If scientists and academics were incentivized to collaborate more, major efficiencies would be realized, he argued.  While Smith primarily referenced hard science fields in his session, the same argument could be made for all academic sectors. For instance, how much further along could research on open government best practices be if researchers weren’t incentivized to always produce novel results but were encouraged to build upon their previous research in collaboration with other researchers? The answer is: probably much further along.  
4.  The open movement can learn from other sectors.

While open source companies and the open movement have many lessons to contribute to other sectors, they also can greatly benefit from lessons learned in other sectors. For example, Steven Vaughan-Nichols, a renowned tech journalist who’s written for CBS, ZDNet, and Computer World, offered this advice, “your open source project may contain the best code in the world, but if you don’t market it and no one knows about it, it won’t matter.” He reminded attendees that branding, messaging, and marketing in general are all important to making an open source project successful.
He also reminded the audience the importance of simplifying the message and speaking in plain English when speaking with reporters or potential clients. And that if you can’t simplify or condense your message, the reporters won’t be able to either and will move on to the next story.
5.  Open is more than open source, open data, and open government.

Possibly the most important lesson I gleaned from the conference, was that the ‘open movement’ hinges on more than just open source code, open data, or open governance. It is a characteristic embedded into the culture of each organization and person in the movement. It’s the complete willingness of a crazy successful serial entrepreneur to sit down and chat with an unknown reporter. It’s the openness of ATO2014 conference organizers to share knowledge and insights about the industry and conference. It’s the audacity of a corporate company to buck tradition and collaborate with competitors to create a better open source community and so much more. Open source code, data and government are almost byproducts of this intangible spirit of community and openness.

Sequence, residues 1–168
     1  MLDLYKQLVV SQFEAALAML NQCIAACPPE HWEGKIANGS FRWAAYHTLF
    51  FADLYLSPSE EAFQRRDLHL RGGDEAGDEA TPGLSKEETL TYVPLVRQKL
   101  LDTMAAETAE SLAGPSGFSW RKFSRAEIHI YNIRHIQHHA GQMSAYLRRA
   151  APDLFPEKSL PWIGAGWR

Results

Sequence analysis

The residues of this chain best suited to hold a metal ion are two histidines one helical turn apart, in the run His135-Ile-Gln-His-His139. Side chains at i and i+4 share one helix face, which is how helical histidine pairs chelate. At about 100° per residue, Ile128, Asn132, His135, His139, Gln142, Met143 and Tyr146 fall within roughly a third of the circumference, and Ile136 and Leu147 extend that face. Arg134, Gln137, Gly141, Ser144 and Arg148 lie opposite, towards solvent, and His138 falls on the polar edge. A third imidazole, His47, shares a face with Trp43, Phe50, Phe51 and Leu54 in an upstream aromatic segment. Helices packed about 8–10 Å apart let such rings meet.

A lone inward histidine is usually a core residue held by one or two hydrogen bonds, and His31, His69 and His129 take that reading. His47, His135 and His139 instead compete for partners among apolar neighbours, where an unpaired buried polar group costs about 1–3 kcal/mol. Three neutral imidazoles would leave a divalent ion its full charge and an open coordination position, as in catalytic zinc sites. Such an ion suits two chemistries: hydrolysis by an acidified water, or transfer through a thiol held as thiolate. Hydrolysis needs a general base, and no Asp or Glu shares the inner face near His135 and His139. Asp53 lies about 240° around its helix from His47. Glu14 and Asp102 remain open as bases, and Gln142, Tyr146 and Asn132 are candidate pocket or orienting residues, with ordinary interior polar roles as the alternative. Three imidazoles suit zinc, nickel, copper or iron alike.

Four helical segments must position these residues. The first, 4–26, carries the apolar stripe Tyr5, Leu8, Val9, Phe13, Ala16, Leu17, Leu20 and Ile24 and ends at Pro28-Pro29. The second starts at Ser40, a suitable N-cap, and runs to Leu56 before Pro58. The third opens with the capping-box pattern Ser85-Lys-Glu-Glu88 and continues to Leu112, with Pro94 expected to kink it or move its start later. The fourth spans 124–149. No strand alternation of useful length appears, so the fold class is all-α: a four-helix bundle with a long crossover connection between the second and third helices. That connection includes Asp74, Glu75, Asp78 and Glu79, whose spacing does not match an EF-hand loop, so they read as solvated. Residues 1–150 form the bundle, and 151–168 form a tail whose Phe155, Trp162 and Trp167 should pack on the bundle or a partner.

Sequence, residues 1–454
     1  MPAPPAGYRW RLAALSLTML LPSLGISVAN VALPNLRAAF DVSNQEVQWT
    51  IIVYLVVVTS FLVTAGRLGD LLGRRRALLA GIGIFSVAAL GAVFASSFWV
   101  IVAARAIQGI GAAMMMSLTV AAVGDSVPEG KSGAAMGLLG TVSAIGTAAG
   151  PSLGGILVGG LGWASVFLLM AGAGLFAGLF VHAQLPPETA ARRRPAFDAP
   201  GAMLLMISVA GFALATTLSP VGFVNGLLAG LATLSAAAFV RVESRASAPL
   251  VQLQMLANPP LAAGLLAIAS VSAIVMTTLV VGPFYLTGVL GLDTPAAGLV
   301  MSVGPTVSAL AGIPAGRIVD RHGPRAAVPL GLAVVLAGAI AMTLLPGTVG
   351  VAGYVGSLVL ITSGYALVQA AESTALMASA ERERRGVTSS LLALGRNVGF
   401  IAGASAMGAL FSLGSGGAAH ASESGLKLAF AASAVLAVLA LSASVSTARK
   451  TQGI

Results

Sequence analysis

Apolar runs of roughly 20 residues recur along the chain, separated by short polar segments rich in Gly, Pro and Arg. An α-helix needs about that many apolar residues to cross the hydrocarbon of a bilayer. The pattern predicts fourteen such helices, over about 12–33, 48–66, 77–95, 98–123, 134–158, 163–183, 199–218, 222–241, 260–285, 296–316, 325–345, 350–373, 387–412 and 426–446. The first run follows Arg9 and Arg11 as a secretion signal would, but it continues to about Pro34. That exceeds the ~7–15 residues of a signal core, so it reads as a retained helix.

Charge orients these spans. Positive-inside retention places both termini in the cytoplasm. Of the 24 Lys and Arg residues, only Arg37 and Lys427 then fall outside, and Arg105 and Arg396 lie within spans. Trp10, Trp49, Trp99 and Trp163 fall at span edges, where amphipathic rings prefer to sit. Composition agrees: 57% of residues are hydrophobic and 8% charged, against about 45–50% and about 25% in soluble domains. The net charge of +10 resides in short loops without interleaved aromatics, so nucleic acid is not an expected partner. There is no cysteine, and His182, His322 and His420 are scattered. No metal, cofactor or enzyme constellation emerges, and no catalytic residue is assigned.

After ATO2014, I’d say the answer to my question—is ‘all things open’ a conference or a movement, is that it is a movement, but a fledgling one that is at an important crossroads. If I had to bet, most of the 1,000 ATO2014 attendees would say ‘all things open’ the movement is going strong, and will continue picking up steam until it pervades every industry.
But, without instigation and resources, it’s still unclear what chance the movement has to spread beyond the metropolitan areas in North Carolina and to rural areas throughout the US and world. We have to remember not every town has a Red Hat in its backyard (or downtown). And with national focus and discussions centered on privacy and security—there is currently a tug of war between open advocates and those who want to move back towards a more closed society. The open movement will need to address these issues head-on if it wants to gain traction and truly become mainstream. I heard very little discussion or acknowledgement of these issues at ATO2014, so hope they will be addressed at next year’s conference. 
It will be interesting to see what progress (or lack of it) has been made a year from now. Until then, I look forward to following and keeping tabs on, “all things open.”